Force/ Velocity Curve

force velocity curve Jul 01, 2022

Edited by: Danielle Abel

Force Velocity Curve Relationship

The force-velocity curve will affect neuromuscular adaptations for athletes. For example, moving really fast compared to moving with a great deal of resistance.

So it's extremely important to understand the needs of your athletes to help you create and customize an effective year-round training program.


Sprinting (low resistance) is at the very bottom of the speed category. Conversely, a powerlifter doing a 1RM movement (high resistance) is on the top in the maximal strength category.

Various types of training are in between these categories. 

Maximal Strength:

  • >90% 1RM
  • High effort

Such as slow grinding reps or a 1RM for bench or squat


  • 4-6 RM loading
  • Slower

Such as a box squat with 80% 1RM


  • 30-80% 1RM
  • Greater force and speed

Such as olympic lifting movements like the power clean or a loaded jump squat


  • Dynamic effort
  • Explosive strength

Such as 8 sets of 3 reps with 50% load


  • Max velocity and low resistance

Such as jumping or cutting, throwing, or sprinting

How does this apply to training decisions?

We want to program from general training in the off-season to more sports-specific training as season or competition approaches.


Example: Powerlifter in the off-season

  • Hypertrophy work
  • Dynamic effort work
  • Goal: Drive different adaptations

Example: Powerlifter approaching competition

  • Shift programming to emphasize more sport-specific exercises
  • Singles, doubles, and triples close to competition weight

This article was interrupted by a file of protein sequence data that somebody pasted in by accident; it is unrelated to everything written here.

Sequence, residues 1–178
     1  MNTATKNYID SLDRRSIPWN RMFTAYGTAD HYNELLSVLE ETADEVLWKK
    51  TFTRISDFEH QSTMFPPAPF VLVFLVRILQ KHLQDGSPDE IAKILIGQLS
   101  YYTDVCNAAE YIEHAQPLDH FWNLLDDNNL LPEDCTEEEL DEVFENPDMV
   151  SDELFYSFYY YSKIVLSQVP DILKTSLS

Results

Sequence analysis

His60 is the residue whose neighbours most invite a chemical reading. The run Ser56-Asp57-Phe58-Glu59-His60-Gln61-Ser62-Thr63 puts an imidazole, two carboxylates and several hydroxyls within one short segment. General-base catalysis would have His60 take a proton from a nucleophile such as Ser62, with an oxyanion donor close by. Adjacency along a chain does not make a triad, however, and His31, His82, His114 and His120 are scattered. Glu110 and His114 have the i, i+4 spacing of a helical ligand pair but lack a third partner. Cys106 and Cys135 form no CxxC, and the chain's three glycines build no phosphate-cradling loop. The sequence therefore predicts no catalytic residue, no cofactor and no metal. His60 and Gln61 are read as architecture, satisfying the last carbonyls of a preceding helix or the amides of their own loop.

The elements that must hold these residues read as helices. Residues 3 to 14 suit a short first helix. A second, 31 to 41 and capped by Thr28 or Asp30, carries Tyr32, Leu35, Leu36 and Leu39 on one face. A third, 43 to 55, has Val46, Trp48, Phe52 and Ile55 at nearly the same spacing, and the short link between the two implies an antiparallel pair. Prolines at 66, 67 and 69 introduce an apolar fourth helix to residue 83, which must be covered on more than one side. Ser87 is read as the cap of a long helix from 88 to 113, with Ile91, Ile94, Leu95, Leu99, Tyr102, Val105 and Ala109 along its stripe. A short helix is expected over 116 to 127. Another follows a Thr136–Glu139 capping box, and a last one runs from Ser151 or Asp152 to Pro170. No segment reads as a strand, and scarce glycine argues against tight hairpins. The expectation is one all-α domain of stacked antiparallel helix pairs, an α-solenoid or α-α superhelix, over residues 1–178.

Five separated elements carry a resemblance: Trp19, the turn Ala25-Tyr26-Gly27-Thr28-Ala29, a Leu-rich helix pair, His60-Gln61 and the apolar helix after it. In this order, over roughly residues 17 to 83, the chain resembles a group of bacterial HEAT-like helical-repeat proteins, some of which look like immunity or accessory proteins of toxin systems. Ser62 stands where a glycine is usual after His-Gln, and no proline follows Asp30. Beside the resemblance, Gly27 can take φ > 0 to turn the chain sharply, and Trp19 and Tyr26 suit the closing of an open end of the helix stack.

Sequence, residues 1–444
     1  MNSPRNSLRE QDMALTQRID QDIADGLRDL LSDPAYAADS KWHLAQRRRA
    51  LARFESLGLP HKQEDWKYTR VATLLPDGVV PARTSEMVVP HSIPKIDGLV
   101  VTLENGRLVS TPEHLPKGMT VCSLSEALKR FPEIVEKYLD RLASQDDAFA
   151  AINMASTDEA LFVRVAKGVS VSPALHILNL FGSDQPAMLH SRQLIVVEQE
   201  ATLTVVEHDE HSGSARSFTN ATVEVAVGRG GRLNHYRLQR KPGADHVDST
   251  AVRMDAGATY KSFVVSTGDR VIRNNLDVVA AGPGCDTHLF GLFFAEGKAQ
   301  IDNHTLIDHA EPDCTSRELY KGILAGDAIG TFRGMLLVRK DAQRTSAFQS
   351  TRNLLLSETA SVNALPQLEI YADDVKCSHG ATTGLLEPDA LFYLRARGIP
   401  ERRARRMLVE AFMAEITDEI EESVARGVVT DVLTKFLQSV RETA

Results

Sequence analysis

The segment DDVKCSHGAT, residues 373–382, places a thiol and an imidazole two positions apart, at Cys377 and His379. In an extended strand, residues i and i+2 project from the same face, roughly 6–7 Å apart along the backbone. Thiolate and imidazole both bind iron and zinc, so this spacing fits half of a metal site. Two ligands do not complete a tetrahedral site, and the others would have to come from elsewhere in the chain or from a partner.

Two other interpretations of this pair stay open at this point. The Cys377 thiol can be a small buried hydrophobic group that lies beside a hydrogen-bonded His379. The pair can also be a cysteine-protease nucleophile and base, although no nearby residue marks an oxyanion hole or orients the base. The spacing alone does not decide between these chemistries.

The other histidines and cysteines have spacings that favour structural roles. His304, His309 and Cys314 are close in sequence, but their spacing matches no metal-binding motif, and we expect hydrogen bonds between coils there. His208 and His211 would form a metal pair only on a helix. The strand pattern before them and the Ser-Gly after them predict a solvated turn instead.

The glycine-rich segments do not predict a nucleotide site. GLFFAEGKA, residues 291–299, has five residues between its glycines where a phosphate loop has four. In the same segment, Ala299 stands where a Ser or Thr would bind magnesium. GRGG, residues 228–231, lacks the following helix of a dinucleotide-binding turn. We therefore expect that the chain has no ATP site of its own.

• Goal: Prepare for competition weight

Max Effort Training:

Typically you'll keep low volume, so training adaptations promote improved neural drive, motor unit recruitment, and type II muscle fiber hypertrophy.

Speed Training:

Training adaptations include intra- and inter-muscular synchronization, rate coding, and rate of force development. These adaptations are transient unless they are continually trained.

Overall Concept:

  • Training at each zone will shift that zone on the graph toward the desired goal (ex: increased strength or increased speed)
  • Training adaptations are very specific, so it's important to be strategic & specific with your programming to maximize athlete training outcomes.

Support & Courses Available

Ready for even more support? Our Program Design 101 Course teaches you exactly how to organize an annual training plan and provides sport-specific examples, and even includes done for you programming templates by phase. Click the link here to check it out.

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